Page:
Midsummer is the time when everything is abundant and flourishing. Flowers smell their sweetest, colors are their most vibrant, trees are their greenest, berries are their sweetest, and faeries are their most playful, it is the time that nature’s lavishness has reached a pinnacle point. It is said that during a full moon on Midsummer Eve a mortal may witness fairy dances and celebrations, that the door to the Faery Realm is opened, and twilight to be the best time for faery magic. Be sure to leave an offering for the fey on Midsummer eve, so they may think fondly of you and yours. It is a good time for empowerment, for strong magic and male rituals, for handfasting and communing with Nature Spirits, for workings of consummation or culmination.

Celebrate Mid-Summer with fire and singing and feasting, with all-night vigils and torch lit processions. Weave green boughs and crowns of flowers. Dance around a bonfire. Decorate your altar with candles and flowers. Perform the Great Rite in the fields. Erect a Midsummer Tree. Set a fire wheel ablaze (being mindful of fire safety, of course). Walk naked or ride a broomstick through fields as a fertility charm. Draw down the Sun. Drink mead or use it for offerings. Make honey cakes or cornbread with honey butter for the feast. Foods and decorations center around what nature has bestowed, rich, colorful and flavorful – mint iced teas, dandelion salads, strawberry shortcakes, geranium leaf sorbet, berry pies, daisy chains, lavender wreaths, rosemary garlands. The pure enjoyment that only summer fresh foods, sweet summer flowers and joyful company that only midsummer can bestow.

Correspondences / Associations

Date – Summer Solstice, June 20-23 (varies according to the position of the Sun)

Other Names – Midsummer, Gathering Day, Feill-Sheathain, Alban Heruin (Druidic), St.
John’s Day, Festival of Saint John the Baptist (Christian), Inti Raymi (Incan), Litha (Wiccan), Feast of the Sun (Aztec); Celtic New Year, according to some

Colors – Green, Blue, Yellow, Gold, Red, Rainbow Colors

Candles – gold, yellow, bright colors, pastels

Deities – Mother Earth, Mother Nature, Father Sun/Sky, Oak King, Horned Gods, Gods at Their Peak of Power and Strength, Sun Gods; Baldur; Mars; Nergal, Pregnant and Lusty Goddesses, Aphrodite, Astarte, Freya, Hathor, Ishtar, Venus, Goddesses of Love, Passion and Beauty, the Midsummer Bride, the lion-guarded Queen of the Year, Aine of Knockaine, Kupala, the Love and Death Goddess of Midsummer; Vesta, for whom fires were lit at Midsummer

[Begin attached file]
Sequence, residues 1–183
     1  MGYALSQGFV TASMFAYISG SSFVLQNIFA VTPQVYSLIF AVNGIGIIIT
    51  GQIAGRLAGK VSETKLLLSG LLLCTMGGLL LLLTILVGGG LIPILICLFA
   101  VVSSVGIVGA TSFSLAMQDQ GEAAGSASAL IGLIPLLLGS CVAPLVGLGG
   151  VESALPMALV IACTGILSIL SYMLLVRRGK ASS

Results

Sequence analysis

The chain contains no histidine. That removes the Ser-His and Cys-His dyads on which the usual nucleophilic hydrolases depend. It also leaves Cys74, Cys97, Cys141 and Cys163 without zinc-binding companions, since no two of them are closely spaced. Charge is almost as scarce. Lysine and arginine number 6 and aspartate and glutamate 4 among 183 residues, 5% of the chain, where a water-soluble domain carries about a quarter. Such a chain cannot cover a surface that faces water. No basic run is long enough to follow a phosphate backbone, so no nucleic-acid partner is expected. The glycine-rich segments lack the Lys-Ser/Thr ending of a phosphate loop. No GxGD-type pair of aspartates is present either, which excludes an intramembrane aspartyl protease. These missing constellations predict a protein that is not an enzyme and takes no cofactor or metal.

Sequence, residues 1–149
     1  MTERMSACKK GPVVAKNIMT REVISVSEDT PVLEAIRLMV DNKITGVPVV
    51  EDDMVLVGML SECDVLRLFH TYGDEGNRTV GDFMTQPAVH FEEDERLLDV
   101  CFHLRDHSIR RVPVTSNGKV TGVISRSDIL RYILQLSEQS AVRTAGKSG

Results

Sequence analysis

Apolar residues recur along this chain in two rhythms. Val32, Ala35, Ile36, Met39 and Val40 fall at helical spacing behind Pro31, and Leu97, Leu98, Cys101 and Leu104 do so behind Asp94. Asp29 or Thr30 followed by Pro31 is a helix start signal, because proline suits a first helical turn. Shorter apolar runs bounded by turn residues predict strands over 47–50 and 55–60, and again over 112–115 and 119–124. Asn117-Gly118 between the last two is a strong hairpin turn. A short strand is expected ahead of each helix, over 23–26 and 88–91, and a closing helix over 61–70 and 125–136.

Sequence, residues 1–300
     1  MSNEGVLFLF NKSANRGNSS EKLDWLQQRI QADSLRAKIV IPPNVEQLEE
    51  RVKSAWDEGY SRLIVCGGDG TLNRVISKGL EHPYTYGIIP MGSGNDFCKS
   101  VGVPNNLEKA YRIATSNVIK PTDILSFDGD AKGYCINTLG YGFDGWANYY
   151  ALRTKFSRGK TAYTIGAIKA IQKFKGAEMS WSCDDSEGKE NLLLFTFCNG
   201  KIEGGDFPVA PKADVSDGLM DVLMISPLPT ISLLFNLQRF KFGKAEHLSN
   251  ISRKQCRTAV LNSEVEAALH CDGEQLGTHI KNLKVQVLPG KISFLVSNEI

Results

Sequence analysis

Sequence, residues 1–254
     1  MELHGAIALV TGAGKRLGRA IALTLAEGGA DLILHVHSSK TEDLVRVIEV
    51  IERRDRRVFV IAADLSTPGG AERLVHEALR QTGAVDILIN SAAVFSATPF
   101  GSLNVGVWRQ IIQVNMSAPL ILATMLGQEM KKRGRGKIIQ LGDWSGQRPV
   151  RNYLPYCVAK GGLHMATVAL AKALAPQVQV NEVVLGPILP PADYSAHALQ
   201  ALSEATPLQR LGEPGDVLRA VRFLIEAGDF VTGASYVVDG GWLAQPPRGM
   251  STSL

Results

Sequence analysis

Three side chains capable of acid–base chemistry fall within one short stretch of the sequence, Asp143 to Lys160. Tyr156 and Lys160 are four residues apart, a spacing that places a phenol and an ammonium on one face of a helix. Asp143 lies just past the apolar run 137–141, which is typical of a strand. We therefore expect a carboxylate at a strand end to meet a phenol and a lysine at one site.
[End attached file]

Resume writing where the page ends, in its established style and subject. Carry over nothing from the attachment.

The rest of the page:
Incense – Frankincense, Lemon Myrrh, Pine, Rose, Wisteria

Stones – Green Stones (Emerald and Jade), Tiger’s Eye, Lapus Lazuli and Diamonds

Foods – Fresh Vegetables, Summer Fruits, Pumpernickel Bread, Ale, Mead

Flowers/Herbs – Chamomile, Chickweed, Chicory, Cinquefoil, Delphinium, Dogwood, Fennel, Figwort, Hemp, Larkspur, Lavender, Male fern, Meadowsweet, Mistletoe, Mugwort, Pine, Roses, St.Johns Wort, Wild Thyme, Wisteria, Verbena, Vervain, Heather, Oak

Symbols/Tools – Bonfires, Sun wheel, Earth Circles of stone energy, Fire, Mistletoe, Solar Disk, Feather, Blades, Summer Flowers, Love Amulets, Seashells, Wand, Athame, Sword, Spear, Staff … all the phallic ones

Rituals – Community, Career, Relationships, Nature Spirit Communion, Planetary Wellness, Abundance, Fertility, Virility, the Beauty and Bounty of Nature

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Information Sources:

Circle Sanctuary

One Spirit

Christina Aubin

Disclaimer: No one involved in this blog or its contents may be held responsible for any adverse reactions arising from following any of the instructions/recipes on this list. It is the reader’s personal responsibility to exercise all precautions and use his or her own discretion if following any instructions or advice from this blog.